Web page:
Illinois makes big strides in covering all kids
■ Physicians are participating in the state's subsidized insurance program, but they would like to see better payment.
By Doug Trapp — Posted April 16, 2007
Washington -- The 11-year-old boy is 4 feet, 9 inches tall and weighs 140 pounds. His single mother, who does not speak English, is worried that he might be having seizures while he sleeps.
His mother takes two buses to get him to Carrie Nelson, MD, a North Aurora, Ill., family physician and associate director of the Family Medicine Residency Program at the Rush-Copley Medical Center.
"He's a real at-risk child," said Dr. Nelson, an Illinois Academy of Family Physicians board member.
The 11-year-old is one of the 155,000 previously uninsured children in Illinois getting health care through All Kids. The $45 million insurance program, passed in November 2005, targets uninsured children who don't qualify for Medicaid or the State Children's Health Insurance Program. The state estimated that 200,000 to 250,000 children lacked insurance when All Kids launched in mid-2006.
The program is a leading attempt to connect all children to primary care doctors through sliding-scale subsidized health insurance. The plan includes hospital, physician, dental and vision care, and prescription drugs. Children are eligible no matter their citizenship status or income, but families earning more pay higher premiums and co-pays.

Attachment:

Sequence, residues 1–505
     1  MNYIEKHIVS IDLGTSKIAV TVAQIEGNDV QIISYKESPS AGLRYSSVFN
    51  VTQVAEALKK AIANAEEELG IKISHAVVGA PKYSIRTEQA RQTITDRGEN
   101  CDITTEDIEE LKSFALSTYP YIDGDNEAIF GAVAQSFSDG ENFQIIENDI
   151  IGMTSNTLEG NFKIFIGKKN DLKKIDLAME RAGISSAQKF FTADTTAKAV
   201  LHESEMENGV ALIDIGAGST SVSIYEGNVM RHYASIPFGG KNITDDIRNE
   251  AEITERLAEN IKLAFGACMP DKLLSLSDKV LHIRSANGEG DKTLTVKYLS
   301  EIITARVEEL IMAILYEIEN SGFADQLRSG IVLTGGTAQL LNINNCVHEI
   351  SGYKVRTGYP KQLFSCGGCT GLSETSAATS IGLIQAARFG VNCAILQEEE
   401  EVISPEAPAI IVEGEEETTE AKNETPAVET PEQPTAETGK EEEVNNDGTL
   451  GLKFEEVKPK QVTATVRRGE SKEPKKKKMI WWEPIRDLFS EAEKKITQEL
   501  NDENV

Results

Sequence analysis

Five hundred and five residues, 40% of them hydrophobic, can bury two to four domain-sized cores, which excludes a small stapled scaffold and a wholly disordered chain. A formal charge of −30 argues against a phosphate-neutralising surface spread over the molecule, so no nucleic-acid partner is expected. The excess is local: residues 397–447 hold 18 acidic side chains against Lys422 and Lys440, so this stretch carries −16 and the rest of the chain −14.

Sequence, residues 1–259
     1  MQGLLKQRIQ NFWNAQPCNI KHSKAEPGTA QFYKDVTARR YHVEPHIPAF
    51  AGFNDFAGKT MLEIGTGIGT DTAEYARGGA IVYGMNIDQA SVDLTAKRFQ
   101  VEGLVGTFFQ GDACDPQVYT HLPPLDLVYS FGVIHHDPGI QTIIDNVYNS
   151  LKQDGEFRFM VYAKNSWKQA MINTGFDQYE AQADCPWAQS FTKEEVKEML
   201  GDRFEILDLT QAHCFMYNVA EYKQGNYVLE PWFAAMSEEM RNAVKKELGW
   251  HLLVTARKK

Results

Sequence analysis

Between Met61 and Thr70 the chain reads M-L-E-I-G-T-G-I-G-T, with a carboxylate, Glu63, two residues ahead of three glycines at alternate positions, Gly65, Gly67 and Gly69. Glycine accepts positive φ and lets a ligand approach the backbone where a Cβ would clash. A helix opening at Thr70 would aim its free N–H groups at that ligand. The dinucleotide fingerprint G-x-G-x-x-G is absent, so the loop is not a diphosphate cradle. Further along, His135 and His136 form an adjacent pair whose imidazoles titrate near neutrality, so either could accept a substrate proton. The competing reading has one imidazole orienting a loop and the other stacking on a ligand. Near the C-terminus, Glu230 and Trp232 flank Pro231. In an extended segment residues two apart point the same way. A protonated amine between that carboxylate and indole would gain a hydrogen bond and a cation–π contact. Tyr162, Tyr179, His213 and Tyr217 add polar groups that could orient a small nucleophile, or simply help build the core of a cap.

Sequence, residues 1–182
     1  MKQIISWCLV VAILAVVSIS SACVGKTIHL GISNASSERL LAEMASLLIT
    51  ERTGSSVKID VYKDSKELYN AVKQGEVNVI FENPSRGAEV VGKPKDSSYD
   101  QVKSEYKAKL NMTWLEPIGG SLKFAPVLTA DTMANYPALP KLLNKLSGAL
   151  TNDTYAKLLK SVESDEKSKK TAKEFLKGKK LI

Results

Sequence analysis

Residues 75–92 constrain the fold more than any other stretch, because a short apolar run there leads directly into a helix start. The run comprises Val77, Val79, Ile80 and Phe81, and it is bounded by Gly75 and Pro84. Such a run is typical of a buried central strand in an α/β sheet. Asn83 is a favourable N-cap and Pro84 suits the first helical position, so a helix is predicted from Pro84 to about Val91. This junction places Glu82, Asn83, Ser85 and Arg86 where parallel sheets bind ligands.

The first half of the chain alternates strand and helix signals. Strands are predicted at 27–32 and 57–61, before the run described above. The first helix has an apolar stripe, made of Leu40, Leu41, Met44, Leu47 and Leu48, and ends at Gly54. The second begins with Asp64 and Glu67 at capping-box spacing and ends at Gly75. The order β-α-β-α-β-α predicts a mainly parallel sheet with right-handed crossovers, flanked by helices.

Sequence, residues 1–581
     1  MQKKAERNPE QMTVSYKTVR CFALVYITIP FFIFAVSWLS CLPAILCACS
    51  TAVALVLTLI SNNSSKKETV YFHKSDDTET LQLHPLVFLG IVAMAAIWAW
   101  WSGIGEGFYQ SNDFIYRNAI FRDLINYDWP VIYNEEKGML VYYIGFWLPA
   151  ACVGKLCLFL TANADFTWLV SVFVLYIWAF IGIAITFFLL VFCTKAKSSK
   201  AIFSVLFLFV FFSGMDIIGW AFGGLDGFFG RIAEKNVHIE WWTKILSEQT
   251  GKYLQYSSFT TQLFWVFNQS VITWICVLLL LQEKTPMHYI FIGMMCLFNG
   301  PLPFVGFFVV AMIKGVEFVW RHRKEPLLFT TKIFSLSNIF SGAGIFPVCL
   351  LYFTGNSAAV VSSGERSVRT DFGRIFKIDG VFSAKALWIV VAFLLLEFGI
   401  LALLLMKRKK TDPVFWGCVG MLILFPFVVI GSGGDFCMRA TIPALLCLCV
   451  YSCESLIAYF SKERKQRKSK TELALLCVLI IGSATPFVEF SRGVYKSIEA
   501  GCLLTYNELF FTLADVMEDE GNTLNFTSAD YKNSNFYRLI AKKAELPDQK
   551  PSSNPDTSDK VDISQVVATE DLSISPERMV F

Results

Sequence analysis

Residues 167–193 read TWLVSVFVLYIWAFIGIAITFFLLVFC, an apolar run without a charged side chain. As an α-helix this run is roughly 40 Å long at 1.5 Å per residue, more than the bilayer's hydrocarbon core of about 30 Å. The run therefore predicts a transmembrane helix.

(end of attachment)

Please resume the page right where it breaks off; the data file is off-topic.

Dr. Nelson has been seeing more children lately. Though they're not always economically disadvantaged, All Kids is giving their families access to immunizations and other well-child care they didn't have before, she said.
At least 18 states are considering proposals or bills to expand access to health care for children in some form. Some are increasing eligibility for Medicaid or SCHIP, some are creating All Kids-like subsidized insurance plans with buy-ins for higher-income families, and some are considering a combination, according to the National Conference of State Legislatures and the BlueCross BlueShield Assn.
The adoption of All Kids kick-started many of these state discussions, said Robin Rudowitz, principal policy analyst at the Kaiser Commission on Medicaid and the Uninsured. "Illinois has been a leader in taking on the issue of universal coverage for kids."
Payments coming in regularly
More than 2,485 primary care physicians have agreed to participate in All Kids in Cook County and the adjacent northeast Illinois counties, where the state is concentrating its efforts first. Add 324 who have enrolled in other parts of Illinois as of March 1 and the state is nearing its goal of 3,000 primary care physicians, said Amy Rosenband of the Illinois Dept. of Healthcare and Family Services.
This level of participation might not have been reached if Illinois Gov. Rod Blagojevich hadn't addressed the state's dysfunctional Medicaid payment system, said Steven Knight, MD, president-elect of the Illinois Academy of Family Physicians.
Until recently, Illinois began each new fiscal year by paying doctors on time but then delayed Medicaid payments as the state budget ran out of money. Physicians cared for patients for up to six months without getting paid. Then, when the next fiscal year began, the state would catch up, and the cycle would repeat.